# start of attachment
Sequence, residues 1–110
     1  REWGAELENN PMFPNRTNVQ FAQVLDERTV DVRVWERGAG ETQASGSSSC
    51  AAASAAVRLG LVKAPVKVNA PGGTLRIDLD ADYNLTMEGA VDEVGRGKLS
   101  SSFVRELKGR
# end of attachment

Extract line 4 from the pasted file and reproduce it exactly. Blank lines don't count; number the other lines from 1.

   101  SSFVRELKGR